The Bujinkan is growing in quantity but it seems to me that some of its original qualities tend to disappear. And 尊敬心 sonkeishin (respect) seems to be the first one on the list of endangered qualities.
I train Bujinkan because I deeply respect our Sôke Hatsumi Masaaki. The respect I feel for him has nothing to do with the arts he is teaching or showing us but with the man he his. I have been in contact with a few “great men” in my life but none, so far, has been able to mould me and influence me the way he did. I am who I am because I had the privilege to meet Sensei in July 1987 at the first European Taikai organized by Peter.
That was nearly 25 years ago (more than half my age) and through Hatsumi sensei’s permanent teachings (martial and non martial) I was trained to become a true human being.
The Bujinkan Arts mainly develop one feeling and this is intuition. The Sakki test is the pragmatic proof that one has reached this level of intuition.
In Latin, “intuition” is “intuitus” and means the “act of looking at things”. Our Bujinkan training develops our “vision” and we gradually become able to see or “sense” any situation better than many others. The sixth sense is common to all living creature but is rarely accessible to humans. Luckily, the long hours of strenuous training unearth it from within our brain and makes it available to us. Through Hatsumi sensei’s teachings we learn to become more intuitive, i.e. aware of things without apparently thinking. “Don’t think!” as he often say it in class.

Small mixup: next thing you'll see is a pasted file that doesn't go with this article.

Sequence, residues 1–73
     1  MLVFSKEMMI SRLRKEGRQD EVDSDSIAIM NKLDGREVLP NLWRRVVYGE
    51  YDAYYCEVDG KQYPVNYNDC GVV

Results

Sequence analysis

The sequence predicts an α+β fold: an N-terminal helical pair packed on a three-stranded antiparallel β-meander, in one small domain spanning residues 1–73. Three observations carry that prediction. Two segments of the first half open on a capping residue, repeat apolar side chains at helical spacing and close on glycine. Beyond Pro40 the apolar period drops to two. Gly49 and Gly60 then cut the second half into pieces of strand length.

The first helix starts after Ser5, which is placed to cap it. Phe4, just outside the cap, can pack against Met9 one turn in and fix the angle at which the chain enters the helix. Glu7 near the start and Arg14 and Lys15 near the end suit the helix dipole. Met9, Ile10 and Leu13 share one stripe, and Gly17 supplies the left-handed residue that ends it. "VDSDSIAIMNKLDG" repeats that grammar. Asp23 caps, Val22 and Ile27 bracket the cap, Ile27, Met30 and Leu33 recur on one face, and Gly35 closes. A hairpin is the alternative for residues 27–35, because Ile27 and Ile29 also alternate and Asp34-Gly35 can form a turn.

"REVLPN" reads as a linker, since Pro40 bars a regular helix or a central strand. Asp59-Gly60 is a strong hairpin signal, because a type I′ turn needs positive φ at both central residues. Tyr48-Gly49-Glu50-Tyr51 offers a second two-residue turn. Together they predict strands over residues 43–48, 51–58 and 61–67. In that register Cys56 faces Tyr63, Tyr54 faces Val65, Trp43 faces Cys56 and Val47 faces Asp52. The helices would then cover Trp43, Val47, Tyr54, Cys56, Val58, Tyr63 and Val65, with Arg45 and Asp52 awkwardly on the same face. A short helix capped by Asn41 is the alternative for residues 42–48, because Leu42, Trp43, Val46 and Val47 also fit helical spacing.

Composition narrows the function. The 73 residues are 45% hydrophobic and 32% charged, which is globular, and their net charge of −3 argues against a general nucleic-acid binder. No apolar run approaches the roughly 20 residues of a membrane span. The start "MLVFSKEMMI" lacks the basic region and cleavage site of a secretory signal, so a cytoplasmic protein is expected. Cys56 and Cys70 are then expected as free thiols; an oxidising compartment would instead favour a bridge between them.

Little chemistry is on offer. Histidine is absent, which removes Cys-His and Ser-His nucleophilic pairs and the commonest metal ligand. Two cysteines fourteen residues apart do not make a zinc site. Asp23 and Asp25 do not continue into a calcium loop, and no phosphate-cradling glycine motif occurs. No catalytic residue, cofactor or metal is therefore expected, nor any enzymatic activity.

Intuition is also 感覚 kankaku in Japanese and means “feeling”. The more we “feel” (through our 5 senses) and the more we develop our sixth sense.
Now funnily, the word 尊敬心 sonkeishin (respect) is somehow linked to the way at which we look at things. But as “kankaku” exists only in the present, “sonkeishin” is linked to the past.
To respect someone is to look at someone’s actions in the past. The Online Etymology Dictionary says it comes “from Latin respectus “regard,” literally “act of looking back at one,” pp. of respicere “look back at, regard, consider”.
What someone has achieved in his life is what creates respect. But the Bujinkan growing in quantity I have the intuition that less respect is shown to the elders. Remember that you are who you are because these elders made it possible for you. Look at how Sensei speaks about Takamatsu sensei. This is how you should feel about those who shared with you what you are so proud to have today. Getting a Jûgodan doesn’t free yourself from sonkeishin, on the contrary.
With time some arguments, disagreements, and fights might appear with your elders, but you should never show a lack of sonkeishin to them.
If you do so then 尊敬心 sonkeishin (respect) will turn into 損敬神 sonkeishi (loss of reverence) and the Bujinkan magic will be lost.
Thank you Sensei for your guidance all through these years, and for your help to become an adult.
Respectfully, your student Arnaud